EYE-TRACKER - Eye-tracker is a control operating system, which optically fixes the patient's eye throughout the operation and thus prevents the undesired deviation of laser radiation. During the surgery, the position of the eye is permanently monitored and evaluated by automatic system, which then adjusts the direction of laser pulses according to eye movement evaluation and ensures the correct performance of the procedure. The modern generation of lasers uses highly effective system of eye-tracking, which enables very accurate removal of refractive error even in less compliant patients.
FAR-SIGHTEDNESS - In far-sightedness (hypermetropia) on the other hand, the eye is too short, or the refractive power of cornea and lens is tow low. As a result of this disproportion, the beams of light meet "behind" the retina and the ensuing image is again blurry. The optical apparatus of the eye is capable of correcting this error, to a certain degree, by means of accommodation (through changes in the convexity of the lens). This possibility, however, is limited, and diminishes with increasing age. More severe refractive errors of this kind can manifest in childhood already, while a less severe error does not have to cause complaints till adulthood - the vision of a patient is then impaired for near objects, but can worsen also for distant objects as well later on. A plus (convex) glass is used in corrective glasses or contact lenses to correct this error.
GLARE (starbusting, halo)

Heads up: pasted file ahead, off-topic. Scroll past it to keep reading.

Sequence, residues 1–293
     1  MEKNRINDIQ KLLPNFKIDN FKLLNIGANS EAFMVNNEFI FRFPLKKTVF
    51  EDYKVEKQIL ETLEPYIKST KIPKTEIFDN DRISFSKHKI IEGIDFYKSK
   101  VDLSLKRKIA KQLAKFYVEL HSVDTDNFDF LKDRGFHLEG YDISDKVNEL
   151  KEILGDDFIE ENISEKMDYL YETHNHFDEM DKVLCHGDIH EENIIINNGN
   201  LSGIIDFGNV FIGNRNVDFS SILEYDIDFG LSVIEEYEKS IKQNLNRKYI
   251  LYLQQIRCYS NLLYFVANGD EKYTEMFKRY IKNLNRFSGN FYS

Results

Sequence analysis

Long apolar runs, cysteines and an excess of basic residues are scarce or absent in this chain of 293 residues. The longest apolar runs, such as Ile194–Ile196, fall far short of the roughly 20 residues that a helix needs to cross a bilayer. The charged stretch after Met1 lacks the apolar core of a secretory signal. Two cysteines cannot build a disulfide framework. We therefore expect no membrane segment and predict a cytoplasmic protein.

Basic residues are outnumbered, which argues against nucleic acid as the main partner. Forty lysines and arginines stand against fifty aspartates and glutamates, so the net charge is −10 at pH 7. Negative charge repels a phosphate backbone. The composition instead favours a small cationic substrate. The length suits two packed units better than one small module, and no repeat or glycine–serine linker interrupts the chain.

- and halos around lights in dim lightning and at night (blurring and fogging of vision or scattering of light sources) are to some extent natural effects caused by pupil dilation in dim lightning and different refraction of light rays in central and peripheral portion of the cornea. This phenomenon is known by majority of patients that are using glasses or contact lenses and sometimes it may appear also following laser refractive procedures. The intensity of this phenomenon is related to the number of dioptries removed, optical zone width and pupil size. Combination of high refractive error, thin cornea and large pupils increases the risk of this phenomenon in postoperative phase - that is why every planned laser procedure has to be well evaluated.
- is the possible complication of healing of the cornea following the PRK method. It involves the opacification of the cornea resulting from scarring due to impaired corneal epithelial basal membrane. Mild degree of haze does not usually affect the visual acuity, but moderate to severe degree of opacification may have negative impact on visual function. Therapy includes long-term application of steroid eye drops. Haze does not practically appear after the LASIK method.